In Bodies and Buildings, I will be writing weekly posts this semester as responses to our readings. This is a response to Donella Meadows article: “Leverage Points: Places to Intervene in a System.”
The introduction of mobile phones into our lives has increased the speed, constancy and ubiquity of information on a personal level and throughout our society. Mobile applications leverage these advances in various ways to achieve the goals of the people who create them. Leverage points 9, 8 and 7, as described in Meadows’ article are some of the places where mobile applications cause changes in systems we interact with.
One of the most common ways in which mobile applications affect leverage points is by decreasing the length of delays in communication and distribution of information. Before the creation of social media applications, social interaction required people to initiate communication via a phone call, text message, computer, or physical interaction. Now, information about our friends, acquaintances and family members is available by simply opening Facebook, Foursquare or Twitter. Of course, the news industry has been greatly affected by the ability of people to use mobile internet applications to report details about events as they occur. Instead of events being reported on with a twenty four hour delay for paper publications and shorter, but still significant delays for news websites, reporting is done immediately. In a struggle to keep up with online news resources, official news outlets have sped up their reporting, with largely negative effects. As discussed by Meadows, this extremely short delay often causes wild oscillations within the system of news distribution. The stock of that system is public opinion and the immediacy of data created by mobile access to the internet creates dramatic increases and decreases in the opinions of the public surrounding particular events. One important example is coverage of elections. During recent elections, the results have been reported as they come in, which sometimes leads to mis-reporting results to an attentive public.
The relationship between mobile applications and leverage point 8, “The strength of negative feedback loops, relative to impacts they are trying to correct against” is a more complex one. At this point, applications can’t physically stop users from doing anything. They don’t cut off your funds if you’re spending too much money or defend you from attackers. They can only provide information, so instead of cutting off your funds, they constantly monitor them, and keep you aware of how much money you’re spending and send you warnings if you’re going off budget. From my understanding, this is more aligned with leverage point 6, the structure of information flows. The ubiquity of recording devices though, can strengthen the negative feedback loops of the justice system. I’ve gotten in two car accidents in recent years that were not caused by me. Having mobile camera applications allowed me to easily record the other driver’s insurance and contact information, identity, the condition of both cars. Documentation of events like this can reduce occurrences of fraud or provide evidence for crimes.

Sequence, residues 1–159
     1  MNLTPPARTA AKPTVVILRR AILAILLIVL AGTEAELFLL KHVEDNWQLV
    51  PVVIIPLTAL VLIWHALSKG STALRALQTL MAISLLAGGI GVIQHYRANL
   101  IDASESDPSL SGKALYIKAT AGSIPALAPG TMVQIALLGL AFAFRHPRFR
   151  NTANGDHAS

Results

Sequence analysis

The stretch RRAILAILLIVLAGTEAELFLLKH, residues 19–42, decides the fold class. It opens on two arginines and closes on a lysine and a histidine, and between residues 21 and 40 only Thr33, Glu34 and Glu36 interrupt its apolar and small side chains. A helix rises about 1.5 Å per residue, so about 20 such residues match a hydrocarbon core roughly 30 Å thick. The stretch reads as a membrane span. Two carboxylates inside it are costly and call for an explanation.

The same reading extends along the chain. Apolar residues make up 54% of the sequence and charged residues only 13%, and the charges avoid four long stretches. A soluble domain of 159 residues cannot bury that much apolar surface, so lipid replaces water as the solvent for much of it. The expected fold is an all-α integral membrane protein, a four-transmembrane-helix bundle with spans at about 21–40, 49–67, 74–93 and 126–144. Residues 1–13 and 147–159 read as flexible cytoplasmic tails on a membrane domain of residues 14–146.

The gain around positive feedback loops is leveraged by mobile applications like Pandora Radio and Foursquare. Pandora users benefit from interacting with the application as much as possible through the thumbs up, thumbs down system. When a user likes a song, they give it a thumbs up, and that radio station will now play more songs like that one, and vice versa when the user gives a song a thumbs-down. Foursquare allows the user to benefit even more from increased use, with an even simpler system. When users check into a location, they feed information into the system, which then allows Foursquare to provide more informed suggestions for other locations that the user may want to check into. As the user continues to check into more similar establishments, their gains increase, as they receive badges as rewards for their use of the system. More check-ins also means more points, increasing the user’s rank among their friends, and consistency pays off, since points are only allocated based on the past 7 days.